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I'm setting up a docker container which requires a cronjob to do a backup using awscli (authenticated via environment variables).

Since cron doesn't see my docker variables I'm printing them to a file and sourcing them before I run the aws command.

I have confirmed that the variables are set from cron yet awscli doesn't see them.

Here is a minimal project demonstrating the issue.

Dockerfile:

FROM debian:jessie

# Install aws and cron
RUN apt-get -yqq update
RUN apt-get install -yqq awscli cron rsyslog

# Create cron job
ADD crontab /etc/cron.d/hello-cron
RUN chmod 0644 /etc/cron.d/hello-cron

# Output environment variables to file
# Then start cron and watch log
CMD printenv > /env && cron && service rsyslog start && tail -F /var/log/*

crontab:

# Demonstrates that cron can see variables
*/2 * * * * root /usr/bin/env bash -c '. /env && echo $AWS_DEFAULT_REGION' >> /test1 2>&1

# Attempt to list s3 buckets knowing environment variables are set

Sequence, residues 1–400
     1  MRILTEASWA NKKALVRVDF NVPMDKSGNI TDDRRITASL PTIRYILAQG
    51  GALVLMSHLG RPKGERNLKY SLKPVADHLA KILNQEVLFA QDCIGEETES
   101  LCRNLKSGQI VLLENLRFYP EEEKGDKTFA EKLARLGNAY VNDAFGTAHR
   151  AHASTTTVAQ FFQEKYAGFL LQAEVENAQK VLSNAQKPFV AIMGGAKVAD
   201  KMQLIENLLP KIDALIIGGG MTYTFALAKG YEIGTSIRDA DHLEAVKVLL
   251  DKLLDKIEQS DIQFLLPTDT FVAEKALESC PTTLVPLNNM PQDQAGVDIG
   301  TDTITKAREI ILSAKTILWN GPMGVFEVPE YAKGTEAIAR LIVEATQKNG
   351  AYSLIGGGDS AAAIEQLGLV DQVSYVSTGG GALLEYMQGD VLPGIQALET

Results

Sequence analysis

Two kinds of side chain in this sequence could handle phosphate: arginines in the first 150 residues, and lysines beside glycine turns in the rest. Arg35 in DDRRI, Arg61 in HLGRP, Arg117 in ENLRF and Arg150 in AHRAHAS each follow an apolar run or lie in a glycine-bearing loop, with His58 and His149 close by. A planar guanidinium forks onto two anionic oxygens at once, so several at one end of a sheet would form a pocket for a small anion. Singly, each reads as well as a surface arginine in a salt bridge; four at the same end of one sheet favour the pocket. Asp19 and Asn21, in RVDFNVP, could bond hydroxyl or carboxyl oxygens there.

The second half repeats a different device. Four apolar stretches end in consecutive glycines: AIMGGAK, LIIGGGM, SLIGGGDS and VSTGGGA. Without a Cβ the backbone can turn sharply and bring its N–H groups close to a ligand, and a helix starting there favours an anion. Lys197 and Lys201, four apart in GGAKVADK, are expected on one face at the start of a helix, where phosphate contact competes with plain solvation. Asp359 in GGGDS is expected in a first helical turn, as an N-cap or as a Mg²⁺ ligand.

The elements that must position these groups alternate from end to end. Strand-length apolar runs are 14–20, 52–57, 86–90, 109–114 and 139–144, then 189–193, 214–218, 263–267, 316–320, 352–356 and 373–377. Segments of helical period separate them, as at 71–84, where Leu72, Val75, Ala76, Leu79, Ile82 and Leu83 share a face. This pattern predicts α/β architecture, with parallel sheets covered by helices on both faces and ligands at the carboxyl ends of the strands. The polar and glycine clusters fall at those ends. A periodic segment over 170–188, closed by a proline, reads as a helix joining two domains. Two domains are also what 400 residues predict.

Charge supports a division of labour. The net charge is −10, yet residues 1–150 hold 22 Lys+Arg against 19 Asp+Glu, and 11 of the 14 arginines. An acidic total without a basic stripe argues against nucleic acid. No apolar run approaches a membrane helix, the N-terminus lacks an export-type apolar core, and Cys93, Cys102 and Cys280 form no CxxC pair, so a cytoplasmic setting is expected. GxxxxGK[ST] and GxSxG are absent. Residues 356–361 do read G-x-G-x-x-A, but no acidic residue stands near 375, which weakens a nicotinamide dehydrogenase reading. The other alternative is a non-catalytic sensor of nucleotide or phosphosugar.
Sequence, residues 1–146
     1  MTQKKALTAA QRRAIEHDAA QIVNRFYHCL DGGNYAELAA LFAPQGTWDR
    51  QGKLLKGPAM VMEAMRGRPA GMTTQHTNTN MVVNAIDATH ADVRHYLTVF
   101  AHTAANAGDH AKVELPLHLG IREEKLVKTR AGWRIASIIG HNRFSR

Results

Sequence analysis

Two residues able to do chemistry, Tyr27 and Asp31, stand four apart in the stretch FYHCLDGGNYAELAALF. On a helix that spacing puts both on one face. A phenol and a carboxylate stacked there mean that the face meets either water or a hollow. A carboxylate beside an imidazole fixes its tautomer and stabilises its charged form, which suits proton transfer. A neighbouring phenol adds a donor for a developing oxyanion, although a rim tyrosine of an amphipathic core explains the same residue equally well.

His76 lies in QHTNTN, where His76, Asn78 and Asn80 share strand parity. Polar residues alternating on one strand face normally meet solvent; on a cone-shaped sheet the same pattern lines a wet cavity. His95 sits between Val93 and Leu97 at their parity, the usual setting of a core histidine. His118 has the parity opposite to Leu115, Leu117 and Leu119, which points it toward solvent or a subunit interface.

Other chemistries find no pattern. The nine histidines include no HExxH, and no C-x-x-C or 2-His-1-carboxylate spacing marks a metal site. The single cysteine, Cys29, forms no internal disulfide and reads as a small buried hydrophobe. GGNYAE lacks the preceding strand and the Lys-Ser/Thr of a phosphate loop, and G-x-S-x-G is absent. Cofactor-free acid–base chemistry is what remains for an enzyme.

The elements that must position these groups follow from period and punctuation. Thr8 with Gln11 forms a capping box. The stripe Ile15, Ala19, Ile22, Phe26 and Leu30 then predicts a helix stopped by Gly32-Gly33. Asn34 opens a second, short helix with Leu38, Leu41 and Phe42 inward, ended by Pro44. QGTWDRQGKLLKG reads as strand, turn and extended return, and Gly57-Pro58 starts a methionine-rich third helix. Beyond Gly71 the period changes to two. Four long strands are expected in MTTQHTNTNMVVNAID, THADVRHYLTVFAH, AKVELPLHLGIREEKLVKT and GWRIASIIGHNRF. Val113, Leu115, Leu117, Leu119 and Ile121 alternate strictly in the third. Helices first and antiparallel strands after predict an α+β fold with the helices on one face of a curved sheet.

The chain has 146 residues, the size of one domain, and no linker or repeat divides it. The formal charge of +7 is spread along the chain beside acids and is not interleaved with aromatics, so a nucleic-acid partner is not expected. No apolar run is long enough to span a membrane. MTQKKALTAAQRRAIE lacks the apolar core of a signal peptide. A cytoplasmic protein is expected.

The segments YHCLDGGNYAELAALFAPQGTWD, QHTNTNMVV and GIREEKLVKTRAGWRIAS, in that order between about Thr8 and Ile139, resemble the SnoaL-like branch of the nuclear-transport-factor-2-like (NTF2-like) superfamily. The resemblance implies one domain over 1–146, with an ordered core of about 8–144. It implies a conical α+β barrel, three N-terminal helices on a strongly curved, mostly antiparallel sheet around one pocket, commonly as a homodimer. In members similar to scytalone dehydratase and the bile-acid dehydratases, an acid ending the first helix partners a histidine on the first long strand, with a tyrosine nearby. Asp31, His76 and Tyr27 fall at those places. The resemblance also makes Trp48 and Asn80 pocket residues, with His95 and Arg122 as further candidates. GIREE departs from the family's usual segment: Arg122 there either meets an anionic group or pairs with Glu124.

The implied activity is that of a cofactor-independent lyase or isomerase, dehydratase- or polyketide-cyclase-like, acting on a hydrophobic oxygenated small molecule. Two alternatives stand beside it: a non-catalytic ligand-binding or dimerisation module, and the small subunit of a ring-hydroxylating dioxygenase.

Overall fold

*/2 * * * * root /usr/bin/env bash -c '. /env && aws s3 ls' >> /test2 2>&1

I end up getting back Unable to locate credentials. You can configure credentials by running "aws configure". Yet if I run the same command inside the docker container, I get back a list of buckets.

This is is the .env file I'm passing to docker.

.env:

## AWS SETTINGS
AWS_ACCESS_KEY_ID=(key removed)
AWS_SECRET_ACCESS_KEY=(secret removed)
AWS_DEFAULT_REGION=us-west-2

Does anyone have an idea as to why awscli can't see the environment variables, but only inside cron?

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Environment variables can be set directly in the crontab(5); this will avoid the cost and complication of the additional shell execution and source steps. That is, your hello-cron file would instead contain something like

AWS_ACCESS_KEY_ID=(key removed)
AWS_SECRET_ACCESS_KEY=(secret removed)
AWS_DEFAULT_REGION=us-west-2

*/2 * * * * root echo $AWS_DEFAULT_REGION >> /test1 2>&1
*/2 * * * * root aws s3 ls >> /test2 2>&1
  • any idea how to use this when awscli has permission through the instance using aws roles? – holmberd Nov 28 '18 at 19:02
  • @holmberd no idea, never used AWS so do not know what aws roles allows for – thrig Nov 28 '18 at 20:10
  • roles allows you to set custom permission on your server instances so that you don't need to store any aws credentials on the actual instance, it is all handled by roles. Turns out my assumption about my problem was wrong. Roles with awscli will run perfectly fine from a cronjob. – holmberd Nov 28 '18 at 20:21

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